Maybe it was a bad angle. Maybe I didn’t get his good side. Maybe he just didn’t have that surfer vibe. Whatever it was, the photo wasn’t all that cool. Given time to reflect (even the few days I used to get between my own childhood birthdays and my mom picking up a set of 4×6 prints at the local pharmacy), my son probably would’ve developed a version of that day that had him riding a giant a wave, looking like a cross between Laird Hamilton and Eddie Vedder. Instead, he pretty much looked like a landlocked three year-old on a beach-bound surfboard who was suffering from a rare — but particularly punishing — bad hair day.
The instant my son looked at the image, his imagination-driven perception of himself was replaced by a digital reproduction of the moment he had just experienced. He had a few seconds, not nearly long enough, to create his own internal version of what that moment looked — and by extension felt — like.
It’s impossible to create a mental picture of a moment when a digital version of that moment is staring you in the face (and often within seconds, the Facebook too).
via This is You on Smiles — Click the Shutter — Medium.
At one point I decided I wanted to learn a bit more about the commercial side of photography and applied for an internship in San Francisco. I could see there was a lot of work in the area for commercial photographers due to all the product companies around Silicon Valley. This was when desktop publishing and computers were just taking off. I liked the aspect of working with clients and solving puzzling challenges with each job. I also liked that it seemed I could actually make a living doing what I loved.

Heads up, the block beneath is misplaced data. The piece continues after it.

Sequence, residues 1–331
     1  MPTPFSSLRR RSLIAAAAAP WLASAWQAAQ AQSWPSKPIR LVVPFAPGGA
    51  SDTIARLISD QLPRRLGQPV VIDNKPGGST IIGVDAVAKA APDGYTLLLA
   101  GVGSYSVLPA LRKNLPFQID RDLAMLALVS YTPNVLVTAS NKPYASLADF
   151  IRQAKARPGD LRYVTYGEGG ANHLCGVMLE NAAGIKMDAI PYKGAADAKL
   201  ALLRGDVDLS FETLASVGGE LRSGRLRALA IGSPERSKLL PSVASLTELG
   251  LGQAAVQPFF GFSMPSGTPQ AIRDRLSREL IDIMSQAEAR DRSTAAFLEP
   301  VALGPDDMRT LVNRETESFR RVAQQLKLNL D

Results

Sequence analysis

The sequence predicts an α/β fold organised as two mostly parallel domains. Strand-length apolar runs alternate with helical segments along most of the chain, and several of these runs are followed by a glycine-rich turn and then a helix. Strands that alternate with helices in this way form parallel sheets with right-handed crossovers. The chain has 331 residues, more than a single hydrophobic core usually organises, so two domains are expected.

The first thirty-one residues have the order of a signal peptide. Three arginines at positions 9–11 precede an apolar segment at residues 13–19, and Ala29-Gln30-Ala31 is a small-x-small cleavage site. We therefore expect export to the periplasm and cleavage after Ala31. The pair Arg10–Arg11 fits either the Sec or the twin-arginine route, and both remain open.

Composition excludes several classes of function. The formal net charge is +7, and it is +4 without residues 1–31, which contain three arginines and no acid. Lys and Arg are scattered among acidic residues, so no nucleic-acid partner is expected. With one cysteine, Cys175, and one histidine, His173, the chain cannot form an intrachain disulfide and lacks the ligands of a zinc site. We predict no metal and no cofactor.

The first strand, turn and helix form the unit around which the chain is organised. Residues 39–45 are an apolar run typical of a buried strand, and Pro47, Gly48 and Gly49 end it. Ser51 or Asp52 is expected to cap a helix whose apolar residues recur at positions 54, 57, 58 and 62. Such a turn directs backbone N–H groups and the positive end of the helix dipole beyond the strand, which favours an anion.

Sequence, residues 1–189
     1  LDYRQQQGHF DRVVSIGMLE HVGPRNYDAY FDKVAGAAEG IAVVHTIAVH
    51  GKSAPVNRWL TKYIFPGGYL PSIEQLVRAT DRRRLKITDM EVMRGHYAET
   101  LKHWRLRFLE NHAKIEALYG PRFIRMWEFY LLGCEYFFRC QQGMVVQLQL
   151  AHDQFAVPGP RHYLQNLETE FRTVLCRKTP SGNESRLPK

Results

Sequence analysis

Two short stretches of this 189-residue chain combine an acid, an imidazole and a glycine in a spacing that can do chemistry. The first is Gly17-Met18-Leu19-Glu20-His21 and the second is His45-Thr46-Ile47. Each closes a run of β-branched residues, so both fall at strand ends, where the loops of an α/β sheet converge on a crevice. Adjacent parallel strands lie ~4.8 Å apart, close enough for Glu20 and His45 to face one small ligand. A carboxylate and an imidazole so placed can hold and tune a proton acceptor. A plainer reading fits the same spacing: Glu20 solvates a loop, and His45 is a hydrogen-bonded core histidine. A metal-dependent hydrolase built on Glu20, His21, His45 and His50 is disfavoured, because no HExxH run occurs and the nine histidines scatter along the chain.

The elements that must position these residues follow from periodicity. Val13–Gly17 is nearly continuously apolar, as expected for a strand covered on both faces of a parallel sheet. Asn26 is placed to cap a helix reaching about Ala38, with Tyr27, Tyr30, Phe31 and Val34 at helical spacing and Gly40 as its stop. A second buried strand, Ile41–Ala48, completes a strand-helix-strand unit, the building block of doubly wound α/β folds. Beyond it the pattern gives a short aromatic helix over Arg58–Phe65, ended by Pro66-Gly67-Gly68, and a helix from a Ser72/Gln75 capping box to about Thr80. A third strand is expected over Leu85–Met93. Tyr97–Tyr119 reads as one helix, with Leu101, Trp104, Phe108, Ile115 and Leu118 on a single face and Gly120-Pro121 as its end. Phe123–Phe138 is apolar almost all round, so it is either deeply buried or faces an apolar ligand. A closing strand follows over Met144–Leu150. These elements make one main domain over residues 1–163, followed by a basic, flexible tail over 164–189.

via The illusion of simplicity: photographer Peter Belanger on shooting for Apple | The Verge.
From Polish photographer Marcin Ryczek comes this, as Colossal aptly puts it, “once-in-a-lifetime photograph of a man feeding swans and ducks from a snowy river bank in Krakow.”
via Explore – From Polish photographer Marcin Ryczek comes this,….
The best advice I can come up with is this: Keep your living expenses LOW. The smaller you live (materially-speaking), the bigger you can live (creatively-speaking). This way the stakes aren’t so high…you aren’t demanding of your passion that it keeps you living a rich life. Then you can stretch and grow with the most possible freedom. This was my strategy in my 20’s, and it’s the reason I worked really hard to avoid all debts, and to keep my lifestyle really manageable. If I’d been saddled with a big life, I don’t think I ever could have found my way forward to the freedom I have now.
Elizabeth Gilbert’s advice for people who want to turn their passion into a career, a fine addition to our ongoing archive of sage advice.
via Explore – The best advice I can come up with is this: Keep….